Nitrogen is an extremely important nutrient to the grapevine. When deficient it can cause low vine vigor. The leaves turn pale green then progress to yellow. The younger shoots can become pink or red. Necrosis can also happen and is identified as light brown islands of dead tissue appear between the main veins of the basal leaves and they may wilt. The shoot growth is also greatly reduced and the berries tend to be small.
Phosphorus (P) Deficiency
Phosphorus is considered second only to nitrogen as the most essential nutrient to grapevine function. It is used in photophosphorylation, genetic transfer, the transportation of nutrients, energy production and the creation of the phospholipid cell membranes. Phosphorus deficiency shows a very distinct symptom that appears as red dots along the basal leaves, mid and terminal lobes. Over time the dots line up at right angles to each other and form dark red bars between the veins. The leaves can ultimately become hard and stiff.
Calcium (Ca) Deficiency
This is a little different from many of the other nutritional deficiencies in that it not so obvious in the leaves, but more obvious in the resulting fruit. Since Calcium regulates ripening of fruits and stimulates their coloring the result of a deficiency is a browning discoloration and rotting on the tips of grapes. The grapes will then desiccate and ultimately lead to fruit necrosis.
Boron (B) Deficiency
Boron is important for flowering, fruit set and helps with even fruit ripening. It is one of the most serious nonparasitic grapevine diseases and is most prominent in strongly acid soils (pH 3.5 – 4.5). There are plenty of signs that the vine is deficient in Boron. You typically see short internodes and mottled or patched chlorosis in the leaves. There typically is poor (or even no) fruit set and the shoot tips can die off. Unlike many of the other micronutrients, Boron is unique in the fact that there is a narrow range between deficiency and toxicity in soil and vine tissues.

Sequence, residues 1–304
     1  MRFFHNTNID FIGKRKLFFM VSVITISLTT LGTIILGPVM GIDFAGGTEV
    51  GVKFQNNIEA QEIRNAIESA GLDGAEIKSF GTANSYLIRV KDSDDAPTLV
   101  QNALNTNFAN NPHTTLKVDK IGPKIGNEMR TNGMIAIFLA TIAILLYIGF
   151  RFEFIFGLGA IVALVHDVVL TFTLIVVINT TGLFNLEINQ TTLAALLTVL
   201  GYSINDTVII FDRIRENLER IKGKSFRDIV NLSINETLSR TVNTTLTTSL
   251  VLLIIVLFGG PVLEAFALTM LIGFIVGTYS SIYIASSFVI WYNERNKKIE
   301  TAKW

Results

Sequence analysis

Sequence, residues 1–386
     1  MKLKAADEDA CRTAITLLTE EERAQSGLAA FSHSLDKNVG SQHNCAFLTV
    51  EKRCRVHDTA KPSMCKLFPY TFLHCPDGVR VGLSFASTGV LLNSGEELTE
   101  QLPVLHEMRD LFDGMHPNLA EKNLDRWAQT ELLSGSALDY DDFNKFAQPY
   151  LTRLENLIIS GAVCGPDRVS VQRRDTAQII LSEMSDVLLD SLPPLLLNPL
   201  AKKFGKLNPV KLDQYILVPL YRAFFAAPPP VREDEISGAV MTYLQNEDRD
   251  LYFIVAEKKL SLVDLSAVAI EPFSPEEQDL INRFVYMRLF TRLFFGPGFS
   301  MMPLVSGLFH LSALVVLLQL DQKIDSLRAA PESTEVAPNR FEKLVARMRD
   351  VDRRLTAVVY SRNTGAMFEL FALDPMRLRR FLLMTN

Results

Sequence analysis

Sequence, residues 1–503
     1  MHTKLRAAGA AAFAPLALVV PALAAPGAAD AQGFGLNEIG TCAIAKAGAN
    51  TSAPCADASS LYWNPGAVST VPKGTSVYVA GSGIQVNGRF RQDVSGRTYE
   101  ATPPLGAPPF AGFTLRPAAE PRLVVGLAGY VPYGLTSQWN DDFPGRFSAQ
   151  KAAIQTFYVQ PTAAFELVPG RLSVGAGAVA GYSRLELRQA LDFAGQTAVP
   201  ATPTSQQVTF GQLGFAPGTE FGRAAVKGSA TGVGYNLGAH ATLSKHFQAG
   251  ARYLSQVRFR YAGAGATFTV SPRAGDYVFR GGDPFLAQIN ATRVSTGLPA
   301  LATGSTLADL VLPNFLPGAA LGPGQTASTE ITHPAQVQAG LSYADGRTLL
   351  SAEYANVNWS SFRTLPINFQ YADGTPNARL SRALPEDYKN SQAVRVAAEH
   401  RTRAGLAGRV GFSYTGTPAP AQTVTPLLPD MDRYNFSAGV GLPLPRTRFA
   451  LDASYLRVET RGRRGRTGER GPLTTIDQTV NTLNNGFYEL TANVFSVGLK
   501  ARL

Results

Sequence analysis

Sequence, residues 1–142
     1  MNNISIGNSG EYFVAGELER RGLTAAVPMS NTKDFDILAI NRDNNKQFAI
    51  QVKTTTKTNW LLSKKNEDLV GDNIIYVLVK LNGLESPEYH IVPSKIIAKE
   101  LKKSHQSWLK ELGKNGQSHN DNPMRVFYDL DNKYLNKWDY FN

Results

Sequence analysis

Nitrogen (N) Deficiency
N is mostly acquired by plants in the nitrate and ammonium forms and for a small part as small organic molecules (e.g. amino acids, urea.) Nitrogen is important for many vine functions including not only the overall growth, but fruit formation, set and size.
Nitrogen is necessary for many vine functions, including overall vine growth, fruit bud formation, fruit set and fruit size. Therefore, a vine that is deficient in Nitrogen can show low vine vigor. The leaves will turn a pale green and then ultimately yellow, while young shoots and petioles can become pink. The berries tend to be small and shoot growth greatly reduced.
Zinc (Zn) Deficiency
Zinc deficiency tends to show first in younger leaves. Deficiency can stunt growth and lead to the development of small leaves with a widened petiolar sinus. The leaves also show chlorosis within the spaces between the veins. There may also be necrotic spots and leave roll.
During our studies at UC Davis, I loved the classes that discussed the vines themselves and the soil. Winemaking is a blend of both science fields, Chemistry and Biology. I think that’s what makes it a great match for Mike and myself. He’s the chemist and I’m the biologist. Two sides of the brain working together to create the best wines.
I’d love to hear your thoughts on the science of wine. Just leave me a comment!